Symposium Explores the Future of Work and Education

Take a minute to imagine the world the Class of 2032 will encounter when today’s junior kindergartners graduate 13 years from now. What skills will they need to be successful? And what could they do without?
About 175 parents, alumni, faculty and staff packed into the Science Center Atrium on September 17 to ponder these questions and more during a special symposium. The evening featured a group of futurists, educators and entrepreneurs who explored the possible paths the School could take to best prepare its students for the future.

“Our job as a school is to always be thinking about how we are preparing our students for the world they’re going to inherit and the world that they’re going to lead,” explained Head of School Tom Flemma as he welcomed everyone to the event.

“That’s why, in our strategic planning and master planning process, we are spending as much time as we are trying to think ahead. What are those skills our students are going to need in a world that we can’t really predict? What are the things that are eternal—that North Shore has always focused on—and what will be foundational skills in the future? As the world becomes more technologically and digitally based, the human skills we have been fostering for 100 years—communication, problem solving, collaboration and empathy—are going to become more and more prized possessions as we go forward.”

North Shore hired the 180 Studio team, led by architect and futurist Trung Le, to enlist the entire community in helping to envision a new, multi-dimensional learning and living environment. Le is the architect of the renovated Upper School building, which was completed in 2011. The goal is nothing less than strengthening the School’s overall learning environment—not just spatially, but also culturally and pedagogically.

As symposium audience members entered the room, they were given a card and asked to write down the answers to two questions: “When contemplating the future of work in this ‘age of acceleration,’ what should North Shore consider hanging
on to and what should it let go of?” From there, they were led on a scouting expedition—the beginning of an ongoing process in the community to figure out how best to pack for the future.

“Tonight is not about certainty,” explained Sam Chaltain, a partner with 180 Studio. “Tonight is about curiosity. Better yet, tonight is about insatiability. And, if it really works—epiphany.”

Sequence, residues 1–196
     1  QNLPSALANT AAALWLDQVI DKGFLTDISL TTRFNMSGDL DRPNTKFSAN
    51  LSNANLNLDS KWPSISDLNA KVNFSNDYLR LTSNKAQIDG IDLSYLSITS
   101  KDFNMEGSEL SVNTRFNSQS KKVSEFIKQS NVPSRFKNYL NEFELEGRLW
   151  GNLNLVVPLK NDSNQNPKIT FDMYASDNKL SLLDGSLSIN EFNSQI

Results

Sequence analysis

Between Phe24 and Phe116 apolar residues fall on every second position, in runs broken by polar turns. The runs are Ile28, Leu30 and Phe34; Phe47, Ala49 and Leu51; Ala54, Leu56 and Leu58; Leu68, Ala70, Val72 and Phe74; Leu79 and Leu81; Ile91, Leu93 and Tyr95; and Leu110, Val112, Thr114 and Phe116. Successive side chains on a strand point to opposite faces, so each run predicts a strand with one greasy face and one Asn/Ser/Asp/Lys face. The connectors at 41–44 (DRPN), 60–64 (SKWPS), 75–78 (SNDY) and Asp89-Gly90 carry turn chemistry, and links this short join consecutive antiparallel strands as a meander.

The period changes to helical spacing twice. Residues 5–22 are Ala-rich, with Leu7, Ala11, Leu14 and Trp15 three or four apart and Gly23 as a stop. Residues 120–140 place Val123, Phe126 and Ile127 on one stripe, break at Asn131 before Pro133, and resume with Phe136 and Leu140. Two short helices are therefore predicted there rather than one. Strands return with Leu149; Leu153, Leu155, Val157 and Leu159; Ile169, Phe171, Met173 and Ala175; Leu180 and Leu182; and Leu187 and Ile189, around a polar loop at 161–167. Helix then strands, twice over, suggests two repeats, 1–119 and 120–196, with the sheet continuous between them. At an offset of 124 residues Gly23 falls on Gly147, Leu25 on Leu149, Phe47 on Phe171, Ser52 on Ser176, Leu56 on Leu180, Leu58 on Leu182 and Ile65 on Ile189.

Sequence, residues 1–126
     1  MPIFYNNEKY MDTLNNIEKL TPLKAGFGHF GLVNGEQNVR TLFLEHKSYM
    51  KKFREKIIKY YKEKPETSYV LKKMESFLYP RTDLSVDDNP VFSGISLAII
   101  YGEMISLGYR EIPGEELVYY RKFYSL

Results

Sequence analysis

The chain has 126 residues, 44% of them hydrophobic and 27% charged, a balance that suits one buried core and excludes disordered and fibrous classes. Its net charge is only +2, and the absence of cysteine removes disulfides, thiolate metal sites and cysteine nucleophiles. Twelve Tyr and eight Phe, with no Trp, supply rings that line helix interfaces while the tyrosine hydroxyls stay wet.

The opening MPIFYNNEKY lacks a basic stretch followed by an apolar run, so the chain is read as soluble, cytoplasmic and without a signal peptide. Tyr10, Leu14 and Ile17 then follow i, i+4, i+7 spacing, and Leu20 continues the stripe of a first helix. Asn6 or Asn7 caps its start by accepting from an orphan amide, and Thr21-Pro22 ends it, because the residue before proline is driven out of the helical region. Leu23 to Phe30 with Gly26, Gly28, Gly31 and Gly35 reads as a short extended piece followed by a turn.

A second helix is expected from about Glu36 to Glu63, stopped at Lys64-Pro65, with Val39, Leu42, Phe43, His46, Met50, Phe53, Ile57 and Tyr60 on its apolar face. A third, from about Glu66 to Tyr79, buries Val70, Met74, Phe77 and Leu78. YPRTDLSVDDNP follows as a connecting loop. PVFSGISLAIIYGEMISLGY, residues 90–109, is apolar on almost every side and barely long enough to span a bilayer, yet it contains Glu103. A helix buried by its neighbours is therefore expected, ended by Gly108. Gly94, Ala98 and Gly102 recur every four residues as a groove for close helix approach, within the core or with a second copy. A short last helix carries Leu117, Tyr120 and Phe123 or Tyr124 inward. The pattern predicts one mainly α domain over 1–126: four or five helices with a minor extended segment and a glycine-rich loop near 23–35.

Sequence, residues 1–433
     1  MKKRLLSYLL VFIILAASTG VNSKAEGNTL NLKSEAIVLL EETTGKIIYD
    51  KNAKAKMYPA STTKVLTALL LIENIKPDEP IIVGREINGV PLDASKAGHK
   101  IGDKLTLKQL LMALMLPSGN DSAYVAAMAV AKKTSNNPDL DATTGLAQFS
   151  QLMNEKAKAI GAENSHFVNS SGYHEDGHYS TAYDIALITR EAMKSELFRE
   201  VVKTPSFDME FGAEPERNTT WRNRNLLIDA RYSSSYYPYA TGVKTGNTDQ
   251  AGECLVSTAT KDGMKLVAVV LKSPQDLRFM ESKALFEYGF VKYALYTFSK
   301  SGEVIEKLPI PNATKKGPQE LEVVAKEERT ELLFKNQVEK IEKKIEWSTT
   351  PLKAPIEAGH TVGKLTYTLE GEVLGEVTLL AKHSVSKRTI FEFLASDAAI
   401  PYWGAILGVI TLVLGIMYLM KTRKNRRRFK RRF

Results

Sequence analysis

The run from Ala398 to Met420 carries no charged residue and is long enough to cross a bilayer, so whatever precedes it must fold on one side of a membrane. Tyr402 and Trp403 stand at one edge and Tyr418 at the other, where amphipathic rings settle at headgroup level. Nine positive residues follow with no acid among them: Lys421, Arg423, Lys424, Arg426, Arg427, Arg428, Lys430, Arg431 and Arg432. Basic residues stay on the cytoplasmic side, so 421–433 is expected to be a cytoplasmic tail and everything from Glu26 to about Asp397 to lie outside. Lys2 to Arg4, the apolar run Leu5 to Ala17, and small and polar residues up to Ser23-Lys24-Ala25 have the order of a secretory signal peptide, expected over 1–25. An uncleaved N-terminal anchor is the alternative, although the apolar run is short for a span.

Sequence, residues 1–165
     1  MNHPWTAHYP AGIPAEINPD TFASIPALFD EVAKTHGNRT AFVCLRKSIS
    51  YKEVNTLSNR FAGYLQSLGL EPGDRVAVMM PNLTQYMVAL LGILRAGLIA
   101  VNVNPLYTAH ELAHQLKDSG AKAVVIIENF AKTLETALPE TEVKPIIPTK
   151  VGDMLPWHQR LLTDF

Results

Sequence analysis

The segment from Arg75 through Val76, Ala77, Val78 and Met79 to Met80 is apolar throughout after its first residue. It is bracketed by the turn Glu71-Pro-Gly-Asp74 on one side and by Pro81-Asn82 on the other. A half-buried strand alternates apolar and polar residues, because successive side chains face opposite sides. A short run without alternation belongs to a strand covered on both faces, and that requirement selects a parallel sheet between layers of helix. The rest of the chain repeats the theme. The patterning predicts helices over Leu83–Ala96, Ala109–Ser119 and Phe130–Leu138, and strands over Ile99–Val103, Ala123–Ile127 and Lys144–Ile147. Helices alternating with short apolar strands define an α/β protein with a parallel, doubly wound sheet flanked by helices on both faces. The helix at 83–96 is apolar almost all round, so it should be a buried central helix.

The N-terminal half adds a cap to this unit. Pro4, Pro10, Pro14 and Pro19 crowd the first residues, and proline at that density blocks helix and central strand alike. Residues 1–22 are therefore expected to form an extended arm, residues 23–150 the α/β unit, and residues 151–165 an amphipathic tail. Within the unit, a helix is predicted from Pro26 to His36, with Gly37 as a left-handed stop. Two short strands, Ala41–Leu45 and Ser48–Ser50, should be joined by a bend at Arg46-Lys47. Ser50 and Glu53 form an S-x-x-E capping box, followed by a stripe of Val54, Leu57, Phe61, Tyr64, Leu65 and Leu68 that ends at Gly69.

The featured speakers were an eclectic group of provocateurs—an entrepreneur, an engineer, an organizer, a technology guru and a researcher/artist. “They come from radically different fields,” Sam said. “And we’ve asked them to give us a little sense of how they’re seeing the world in this moment of disorientation and how that can begin to put us in a position to better ascertain the ways in which the future path of North Shore can provide orientation to the Class of 2032.”

Each speaker had 15 to 20 minutes to elaborate on a different topic, reminiscent of a TED talk. Melissa Kauffman, executive director of the Garage at Northwestern University, talked about entrepreneurship and startups. Jon Carson, managing partner at Trajectory Energy Partners, talked about clean energy. George Aye, co-founder and director of innovation at Greater Good Studio, talked about power and privilege. Sanza Kazadi, chief technology officer at Energetically, talked about artificial intelligence. And finally, Sarah Newman, creative researcher at the meta- LAB at Harvard University and a fellow with the Berkman Klein Center for Internet and Society, talked about the intersection of research and art.

There were a few common threads throughout all the presentations. First, the world is changing very quickly and the pace at which technology is accelerating keeps getting faster and faster. Because of this, teaching students how to think is absolutely critical. Many of the jobs that current graduates aspire to—doctors, lawyers, computer programmers—may not exist a few decades from now.

To be successful in this uncertain future, students need to know how to learn, how to think critically and how to make educated guesses. In between speakers and at the end of the program, audience members were asked to respond to several other questions based on what they had heard: “What excites you? What scares you? What about your own beliefs and values have been challenged? What have you heard that resonated with you?” They answered some of the questions on notecards but also spent time in small group discussion and sharing out to the whole group.

“It was an inspiring evening,” Tom said. “It felt great to see how well North Shore Country Day is already positioned to prepare kids for what’s coming and energizing to hear how eager everyone is for the conversations ahead.”
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North Shore Country Day School is a junior kindergarten through 12th grade, college-preparatory school founded in Winnetka, Illinois in 1919.  With rigorous academic pursuit as the cornerstone, North Shore provides many opportunities for all students to excel – in the classroom and the laboratory, on the stage and the playing field, in their communities and beyond.